G-8 Greater Middle East Partnership. U.S. Working Paper For G-8 Sherpas

Posted in Broader Middle East | 11-Mar-04 | Source: Al Hayat

What kind of people power will the region beget?
The Greater Middle East (GME) region [footnote in the original document: The "Greater Middle East" refers to the countries of the Arab world, plus Pakistan, Afghanistan, Iran, Turkey, and Israel] poses a unique challenge and opportunity for the international community. The three "deficits" identified by the Arab authors of the 2002 and 2003 United Nations Arab Human Development Reports (AHDR) - freedom, knowledge, and women's empowerment - have contributed to conditions that threaten the national interests of all G-8 members. So long as the region's pool of politically and economically disenfranchised individuals grows, we will witness an increase in extremism, terrorism, international crime, and illegal migration. The statistics describing the current situation in the GME are daunting:
  • The combined GDP of the 22 Arab League countries is less than that of Spain.
  • Approximately 40% of adult Arabs - 65 million people - are illiterate, two thirds of whom are women.
  • Over 50 million young people will enter the labor market by 2010, 100 million will enter by 2020 - a minimum of 6 million new jobs need to be created each year to absorb these new entrants.
  • If current unemployment rates persist, regional unemployment will reach 25 million by 2010.
  • One-third of the region lives on less than two dollars a day. To improve standards of living, economic growth in the region must more than double from below 3 percent currently to at least 6 percent.
  • Only 1.6 percent of the population has access to the Internet, a figure lower than that in any other region of the world, including sub-Saharan Africa.
  • Women occupy just 3.5 percent of parliamentary seats in Arab countries, compared with, for example, 8.4 percent in sub-Saharan Africa.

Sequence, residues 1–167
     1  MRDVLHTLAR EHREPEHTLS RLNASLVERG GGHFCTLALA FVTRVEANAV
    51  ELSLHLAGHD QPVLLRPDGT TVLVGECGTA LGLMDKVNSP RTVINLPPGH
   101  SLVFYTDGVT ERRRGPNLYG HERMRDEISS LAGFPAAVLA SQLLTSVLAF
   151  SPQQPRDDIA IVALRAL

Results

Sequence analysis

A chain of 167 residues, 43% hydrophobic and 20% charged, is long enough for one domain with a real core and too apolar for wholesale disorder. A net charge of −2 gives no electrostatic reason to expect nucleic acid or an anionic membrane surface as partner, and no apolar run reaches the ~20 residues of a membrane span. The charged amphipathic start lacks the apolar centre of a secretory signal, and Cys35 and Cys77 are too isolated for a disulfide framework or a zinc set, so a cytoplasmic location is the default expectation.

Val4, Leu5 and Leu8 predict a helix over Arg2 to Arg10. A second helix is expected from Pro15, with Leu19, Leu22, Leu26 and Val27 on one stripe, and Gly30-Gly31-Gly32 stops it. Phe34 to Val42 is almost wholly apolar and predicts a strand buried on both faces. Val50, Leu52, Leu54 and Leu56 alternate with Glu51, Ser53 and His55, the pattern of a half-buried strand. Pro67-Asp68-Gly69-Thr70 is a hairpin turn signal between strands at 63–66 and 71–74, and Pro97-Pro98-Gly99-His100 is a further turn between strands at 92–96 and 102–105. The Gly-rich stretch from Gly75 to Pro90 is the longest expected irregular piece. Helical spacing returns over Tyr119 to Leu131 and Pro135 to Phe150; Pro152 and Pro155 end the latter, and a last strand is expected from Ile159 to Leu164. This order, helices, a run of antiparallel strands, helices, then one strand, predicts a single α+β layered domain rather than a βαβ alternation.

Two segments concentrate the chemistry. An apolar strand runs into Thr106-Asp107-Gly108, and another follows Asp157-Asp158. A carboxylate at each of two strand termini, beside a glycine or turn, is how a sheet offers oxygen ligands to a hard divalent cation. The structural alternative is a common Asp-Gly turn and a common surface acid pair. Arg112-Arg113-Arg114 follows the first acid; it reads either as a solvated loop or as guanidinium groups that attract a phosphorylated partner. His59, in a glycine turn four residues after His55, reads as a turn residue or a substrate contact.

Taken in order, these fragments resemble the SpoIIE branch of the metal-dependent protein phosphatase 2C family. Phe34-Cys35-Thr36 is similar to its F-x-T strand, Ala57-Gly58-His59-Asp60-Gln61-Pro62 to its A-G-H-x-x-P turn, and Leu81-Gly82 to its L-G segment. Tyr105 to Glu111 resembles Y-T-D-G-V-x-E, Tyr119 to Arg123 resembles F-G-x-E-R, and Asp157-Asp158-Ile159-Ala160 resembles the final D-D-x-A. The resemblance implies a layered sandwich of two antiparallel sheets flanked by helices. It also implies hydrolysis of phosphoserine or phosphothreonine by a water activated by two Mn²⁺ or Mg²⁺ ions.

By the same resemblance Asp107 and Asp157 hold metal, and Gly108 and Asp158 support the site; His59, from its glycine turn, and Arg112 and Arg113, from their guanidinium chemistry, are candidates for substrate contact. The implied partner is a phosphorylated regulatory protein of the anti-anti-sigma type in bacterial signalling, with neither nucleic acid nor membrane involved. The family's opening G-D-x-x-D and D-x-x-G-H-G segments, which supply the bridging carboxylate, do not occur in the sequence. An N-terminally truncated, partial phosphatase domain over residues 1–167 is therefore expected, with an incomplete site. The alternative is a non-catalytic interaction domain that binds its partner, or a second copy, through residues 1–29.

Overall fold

• Fifty-one percent of older Arab youths expressed a desire to emigrate to other countries, according to the 2002 AHDR, with European countries the favorite destination.
These statistics reflect a region that stands at a crossroads. The GME could continue on the same path, adding every year to its population of underemployed, undereducated, and politically disenfranchised youths.

Doing so will pose a direct threat to the stability of the region, and to the common interests of the G-8 members.

The alternative is the route to reform. The two Arab Human Development Reports represent compelling and urgent calls for action in the GME. These calls have been echoed by activists, academics, and the private sector throughout the region. Some GME leaders have already heeded these calls and have taken steps toward political, social, and economic reform. The G-8 countries have, in turn, supported these efforts with their own Middle East reform initiatives. The Euro-Mediterranean Partnership, the U.S. Middle East Partnership Initiative, and the multilateral reconstruction efforts in Afghanistan and Iraq demonstrate the G-8's commitment to reform in the region.

The demographic changes described above, the liberation of Afghanistan and Iraq from oppressive regimes, and the emergence of democratic impulses across the region, together present the G-8 with a historic opportunity. At Sea Island, the G-8 should forge a long-term partnership with the Greater Middle East's reform leaders and launch a coordinated response to promote political, economic, and social reform in the region. The G-8 could agree on common reform priorities that would address the AHDR deficits by:
  • Promoting Democracy and good governance;
  • Building a knowledge society; and
  • Expanding economic opportunities.
These reform priorities are the key to the region's development: democracy and good governance form the framework within which development takes, well-educated individuals are agents of development, and enterprise is the engine of development. ...more

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